The program was an open discussion on sustainable agriculture issues and how the college can support sustainable agriculture within their sphere of influence.  To their credit they did not get into any discussion to speak of to define sustainability.  It was interesting that there were no organic farmers in the group.  L&CC would like to provide some kind of education program for farmers that relate to sustainability.  There was no clear direction from the group as to what programs might attract and audience.  I would like feedback from my readers if possible on that issue.

Some of the things that came up in the conversation were:
  • Nutrient Management
  • Regulatory Pressures
  • Cost of Implementing "Sustainable" Initiatives
  • Economic Issues
  •  Social Media Usage
  • Precision Agriculture
  • Educating the Public
  • Promotion of Locally Grown Products
  • 4R's Nutrient Management initiatives
  • Nitrogen Management
  • Soil Drainage
  • Why do we grow so much corn in Illinois (potential future blog)
  • Ag in the Classroom
  • Cellulistic Ethanol
  • Other biofuels
  • Unforeseen Consequences
  • Need to Educate Politicians
I am looking forward to seeing where this program goes.  If the college can stick with offering solid information and steering away from telling farmers what to do it has potential.  

Tuesday, February 7, 2012

Weather Spotter Class

Last night I took the National Weather Service weather spotter class for the second time.  I first took it because I spend so much time outdoors in the spring and wanted to have my reports accepted as factual.  Yesterday's class was a refresher, but material cover was much more thorough than my past experience.  Another difference was that a good bit of time was spent on safety.  This brings me to the relationship with agriculture.

Most farmers are in the same place I am in the spring during prime tornado season.  You are in the field when weather is threatening.  You might not care to take the time to actually report what you see, but it would be good to know what you are seeing for your own safety.  What does that dark cloud mean?  Are those low hanging ragged looking clouds going to bring a tornado?  The class was excellent.

In addition to reading the clouds, I justify my smartphone because of it's weather capabilities.  On my phone, the accuweather mobile app seems to work the best.  National Weather Service has lots more information than most other weather sites.  I am looking forward to having them set up for mobile phones some day.  I often look at radar to decide if I have time to finish the next field.  I could go on and on about this topic, but you get the idea.

Monday, February 6, 2012

Measuring Pesticides

Tom Bechman wrote a recent article on accurately measuring pesticides.  For  environmental and economical reasons, producers should make sure that pesticides are properly measured.  Rates that are too low can contribute to pest resistance.  Too high rates may contaminate the environment.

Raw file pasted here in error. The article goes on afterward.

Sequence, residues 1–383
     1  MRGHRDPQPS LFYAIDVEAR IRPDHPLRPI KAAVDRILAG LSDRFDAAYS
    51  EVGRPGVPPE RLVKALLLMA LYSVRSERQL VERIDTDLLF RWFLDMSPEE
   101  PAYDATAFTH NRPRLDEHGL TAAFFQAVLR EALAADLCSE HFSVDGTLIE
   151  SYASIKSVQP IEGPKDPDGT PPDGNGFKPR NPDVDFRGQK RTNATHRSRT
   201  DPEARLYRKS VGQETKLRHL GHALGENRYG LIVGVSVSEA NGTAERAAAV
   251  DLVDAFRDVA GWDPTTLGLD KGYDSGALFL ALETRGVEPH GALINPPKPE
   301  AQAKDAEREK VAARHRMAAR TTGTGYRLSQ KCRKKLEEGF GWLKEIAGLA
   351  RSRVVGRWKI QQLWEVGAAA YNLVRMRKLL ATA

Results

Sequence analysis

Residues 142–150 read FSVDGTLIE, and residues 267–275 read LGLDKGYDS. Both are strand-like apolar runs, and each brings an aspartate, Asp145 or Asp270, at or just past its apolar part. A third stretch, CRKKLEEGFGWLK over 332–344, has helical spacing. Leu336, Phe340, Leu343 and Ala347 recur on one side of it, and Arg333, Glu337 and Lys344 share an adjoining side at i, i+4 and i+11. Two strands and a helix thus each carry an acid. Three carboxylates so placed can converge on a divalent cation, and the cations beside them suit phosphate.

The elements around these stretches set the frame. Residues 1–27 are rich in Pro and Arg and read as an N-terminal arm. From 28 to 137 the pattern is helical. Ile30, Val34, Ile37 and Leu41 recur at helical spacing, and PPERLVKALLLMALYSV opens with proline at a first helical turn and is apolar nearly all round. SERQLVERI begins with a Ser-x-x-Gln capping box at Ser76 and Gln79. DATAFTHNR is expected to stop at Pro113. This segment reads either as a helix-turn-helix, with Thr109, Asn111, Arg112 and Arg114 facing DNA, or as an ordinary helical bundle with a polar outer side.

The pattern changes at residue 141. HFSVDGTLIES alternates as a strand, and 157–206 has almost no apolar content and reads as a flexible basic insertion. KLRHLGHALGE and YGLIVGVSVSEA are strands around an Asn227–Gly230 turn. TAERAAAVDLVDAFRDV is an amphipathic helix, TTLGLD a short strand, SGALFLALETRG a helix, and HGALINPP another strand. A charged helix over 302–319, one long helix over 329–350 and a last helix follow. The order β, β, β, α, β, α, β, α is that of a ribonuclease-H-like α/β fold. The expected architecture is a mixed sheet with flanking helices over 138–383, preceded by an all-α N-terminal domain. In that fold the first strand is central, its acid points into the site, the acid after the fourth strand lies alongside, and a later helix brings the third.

Saturday, February 4, 2012

American Bison

American Bison on Pasture North of Hillsboro

Friday, February 3, 2012

Agriculture lost a friend

Today I must recognize the passing a personal friend and a friend of agriculture.  Chuck Ellis died suddenly in his home on Wednesday afternoon.  His obituary mentions his long years of service to agriculture as the manager of our local Farm Bureau Manager.  Because he knew almost every farmer in Montgomery County, for many years he was called on to chair the nominating committee for the Montgomery County Soil and Water Conservation District.  He was a good cook and his Bar B Q skills were well known.

He was a fine mentor to me as a young District Conservationist for Soil Conservation Service.  He provided me with a confidential and non-judgmental sounding board.  That is something difficult to find in this world. 

It should go without saying that a man loves his family, but Chuck always spoke warmly of his children and grandchildren.  His years of service to his community should tell you he loved humankind as well.   Rest in Peace Chuck.

Thursday, February 2, 2012

Advantages and Disadvantages of Composting Manure

Why compost manure?  Manure is nutrient rich as it is, but must be applied to organic fields at least 120 days before planting.  Other reasons to compost manure are below. 

  • Concentrates Nutrients
  • Easier to transport
  • Composting Kills Parasites
  • Usable in organic systems.
  • Usable on land where food is grown for direct human consumption
  • Kills weed seeds 
  • No odor when spread
  • Loses about half the available nitrogen
  • Releases greenhouse gases
  • Need to have a composting area
  • Need to control rainfall runoff from the composting area
  • Difficult to do with liquid manure
  • Some manures might need a carbon source
University of Minnesota gives some good information on using compost and manure.  It is a good idea to test manure or compost before applying so that you know what nutrients you have.

Wednesday, February 1, 2012

Coshocton Laboratory Closing

Included in Secretary Vilsack's announcement of USDA closings was the closing of the Coshocton research laboratory in Ohio.  I suspect that the decision may have been based on the number of employees displaced instead of logical reasoning.  The laboratory has been a leader in soil erosion research and education since the 1930's.  Key information was gathered at Coshocton concerning No-till farming,  and the effectiveness of contour strips, nutrient management and cover crops.  I hope the functions of the laboratory have been assigned to other facilities.  The Coshocton Laboratory's contribution to sustainability in agriculture cannot be overestimated.